The last test I did from the batch of MCP I had mixed was a simple
cockle shell pendant, made from a silicone mould I made years ago. The silver took the detail very well and again there is a fine silver bail on the back. This piece I torch-fired for three minutes and by comparing the original mould to the fired piece it is easy to see that the shrinkage was high.

I still have plenty of clay powder left to carry on experimenting, and there are still several techniques I want to try. I have never fired anything I have made from silver clay at the minimum time and temperature recommended by the manufacturers and am unlikely to start now, but lower temperatures are going to be needed for glass and some gemstones. It will be interesting to see how robust the fired clay turns out at these lower temperatures.

Sunday, 4 August 2013

New Powdered Silver Clay

Some time ago I came across a powdered silver clay that I had not heard of before, made by an American company that specialises in manufacturing powdered silver and silver nitrate to laboratory standards. I arranged to be sent a 10g sample and have finally got round to testing it.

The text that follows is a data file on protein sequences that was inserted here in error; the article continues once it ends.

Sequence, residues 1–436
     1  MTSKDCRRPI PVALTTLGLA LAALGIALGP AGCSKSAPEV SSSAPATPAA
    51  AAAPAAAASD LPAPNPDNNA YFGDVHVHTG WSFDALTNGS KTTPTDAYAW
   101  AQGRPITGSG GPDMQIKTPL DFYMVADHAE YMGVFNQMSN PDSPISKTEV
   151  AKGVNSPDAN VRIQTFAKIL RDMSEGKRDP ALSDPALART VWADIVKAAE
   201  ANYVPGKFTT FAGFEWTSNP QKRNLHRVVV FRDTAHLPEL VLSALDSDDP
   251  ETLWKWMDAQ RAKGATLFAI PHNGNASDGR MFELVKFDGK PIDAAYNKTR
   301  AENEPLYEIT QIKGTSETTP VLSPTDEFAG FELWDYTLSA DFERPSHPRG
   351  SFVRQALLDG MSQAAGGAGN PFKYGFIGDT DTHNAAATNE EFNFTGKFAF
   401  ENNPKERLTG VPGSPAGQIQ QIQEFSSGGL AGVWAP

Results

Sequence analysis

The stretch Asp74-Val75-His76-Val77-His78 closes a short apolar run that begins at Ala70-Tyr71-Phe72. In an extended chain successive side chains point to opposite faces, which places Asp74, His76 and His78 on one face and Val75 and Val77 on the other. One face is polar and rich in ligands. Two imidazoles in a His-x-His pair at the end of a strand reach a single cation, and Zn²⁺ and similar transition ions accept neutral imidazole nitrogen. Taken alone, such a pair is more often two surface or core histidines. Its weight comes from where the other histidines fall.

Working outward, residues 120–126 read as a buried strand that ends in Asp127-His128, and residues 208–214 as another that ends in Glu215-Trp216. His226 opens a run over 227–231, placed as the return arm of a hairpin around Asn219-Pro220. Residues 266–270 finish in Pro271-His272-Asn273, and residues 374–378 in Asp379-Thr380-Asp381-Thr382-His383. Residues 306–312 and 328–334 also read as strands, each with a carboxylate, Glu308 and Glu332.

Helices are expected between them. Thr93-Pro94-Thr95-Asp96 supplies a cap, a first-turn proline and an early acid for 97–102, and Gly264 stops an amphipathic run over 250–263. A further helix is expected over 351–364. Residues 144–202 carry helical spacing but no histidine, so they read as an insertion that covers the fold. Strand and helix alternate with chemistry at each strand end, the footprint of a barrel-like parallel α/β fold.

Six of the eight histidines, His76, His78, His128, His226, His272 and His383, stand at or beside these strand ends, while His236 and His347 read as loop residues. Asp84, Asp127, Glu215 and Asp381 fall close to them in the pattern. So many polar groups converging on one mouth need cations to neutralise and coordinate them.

Simply called 'Metal Clay Powder Silver 999', a 10g pack contains 10g of silver plus 0.5g of binder, so the weight stated on the pack is the actual weight of pure silver you get. When mixed with water, a 10g pack gave me 11.8g of clay.

Unlike other powdered metal clays the silver and the binder are packaged separately, which is probably due to it being more convenient (and more accurate) for the manufacturer to do it this way. It is a simple matter to snip the corners off the packet and mix the silver and the binder evenly before adding water. The included mixing instuctions specify kneading for 4-5 minutes, but I followed my normal mix-and-roll-out method that I use for base metal clays and when reconstituting silver. This clay does need a 15 minute rest time before use as well.